Wednesday, April 11, 2007

Earning the right to receive Great Art

Yes, that's the thing with Great Artistry posted by MD Amidst this Roger Kimball commentary about Sol LeWitt and minimalist art, a sentence in paragraph six:
Great art repays renewed scrutiny with new insights, new perceptions.Another way of saying this is that Great Art beckons longterm friendship with the audience. Such art, like one's friends, rewards the time, energy, and sacrifice required for intimacy. Good friends, in the sense that they uplift each other to their most expansive, fullest nature, are sometimes easy, and sometimes not, are they not? Truly relating to someone for their deepest benefit is certainly not a 24/7 bowl of cherries; and you can be sure that the same goes for such people for your deepest benefit. (For more about this sort of friendship, see Aristotle's Nicomachean Ethics.)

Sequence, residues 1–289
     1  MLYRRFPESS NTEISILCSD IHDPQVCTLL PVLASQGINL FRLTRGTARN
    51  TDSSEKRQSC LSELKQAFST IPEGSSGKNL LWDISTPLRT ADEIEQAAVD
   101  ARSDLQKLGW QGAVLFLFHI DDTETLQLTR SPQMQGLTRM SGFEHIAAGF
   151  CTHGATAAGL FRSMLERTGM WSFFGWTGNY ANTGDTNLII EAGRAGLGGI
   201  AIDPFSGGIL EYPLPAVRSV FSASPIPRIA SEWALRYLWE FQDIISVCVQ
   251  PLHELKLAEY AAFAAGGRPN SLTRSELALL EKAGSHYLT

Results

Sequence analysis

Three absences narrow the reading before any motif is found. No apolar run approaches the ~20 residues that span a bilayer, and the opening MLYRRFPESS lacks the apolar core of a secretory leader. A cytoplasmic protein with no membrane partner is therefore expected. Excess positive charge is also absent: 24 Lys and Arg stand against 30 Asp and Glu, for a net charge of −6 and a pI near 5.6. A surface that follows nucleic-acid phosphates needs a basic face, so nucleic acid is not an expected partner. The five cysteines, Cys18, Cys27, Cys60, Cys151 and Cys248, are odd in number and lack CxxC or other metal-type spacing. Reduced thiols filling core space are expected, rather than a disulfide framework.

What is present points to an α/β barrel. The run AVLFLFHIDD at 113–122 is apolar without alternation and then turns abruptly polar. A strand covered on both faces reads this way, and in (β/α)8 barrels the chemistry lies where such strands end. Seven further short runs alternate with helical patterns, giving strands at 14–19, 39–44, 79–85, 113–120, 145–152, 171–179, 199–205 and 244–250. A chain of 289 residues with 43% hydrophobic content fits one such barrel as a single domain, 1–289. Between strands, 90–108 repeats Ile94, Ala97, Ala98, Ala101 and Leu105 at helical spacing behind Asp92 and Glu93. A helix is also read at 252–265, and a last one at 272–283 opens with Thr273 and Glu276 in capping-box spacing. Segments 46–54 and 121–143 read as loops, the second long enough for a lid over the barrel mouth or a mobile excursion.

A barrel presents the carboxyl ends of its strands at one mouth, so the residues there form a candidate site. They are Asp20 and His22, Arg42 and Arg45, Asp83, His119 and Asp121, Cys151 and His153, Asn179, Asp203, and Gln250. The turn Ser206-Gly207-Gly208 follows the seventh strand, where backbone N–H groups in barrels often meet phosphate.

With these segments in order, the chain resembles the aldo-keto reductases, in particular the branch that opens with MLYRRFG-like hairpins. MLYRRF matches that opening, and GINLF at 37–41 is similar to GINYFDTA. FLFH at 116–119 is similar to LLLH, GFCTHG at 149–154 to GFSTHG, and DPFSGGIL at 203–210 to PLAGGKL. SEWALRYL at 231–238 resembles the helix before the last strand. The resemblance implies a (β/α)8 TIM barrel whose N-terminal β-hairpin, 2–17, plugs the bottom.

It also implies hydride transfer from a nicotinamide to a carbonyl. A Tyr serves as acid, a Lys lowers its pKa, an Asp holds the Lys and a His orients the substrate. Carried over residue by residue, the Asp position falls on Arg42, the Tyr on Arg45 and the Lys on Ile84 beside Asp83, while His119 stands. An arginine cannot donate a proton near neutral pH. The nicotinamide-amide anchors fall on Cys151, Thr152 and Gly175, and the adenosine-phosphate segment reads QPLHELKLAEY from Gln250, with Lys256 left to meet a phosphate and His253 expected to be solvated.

All of which is to say that Great Art isn't necessarily easy to read or experience, doesn't present itself without its perceiver earning his or her right to receive. Of course, sometimes great art, those you have lived with for many years, comforts, heals, and rejuvenates. Great Art is worth the investment, worth the patience, worth the confusion. This sort of rationale was common to the "Great Books" movement in 20th century America; it remains in use in my Basic Program at UChicago. It is also entirely applicable to not just literary thought, but all disciplines of art, and the rest of the Humanities. Labels: 2:20 PM

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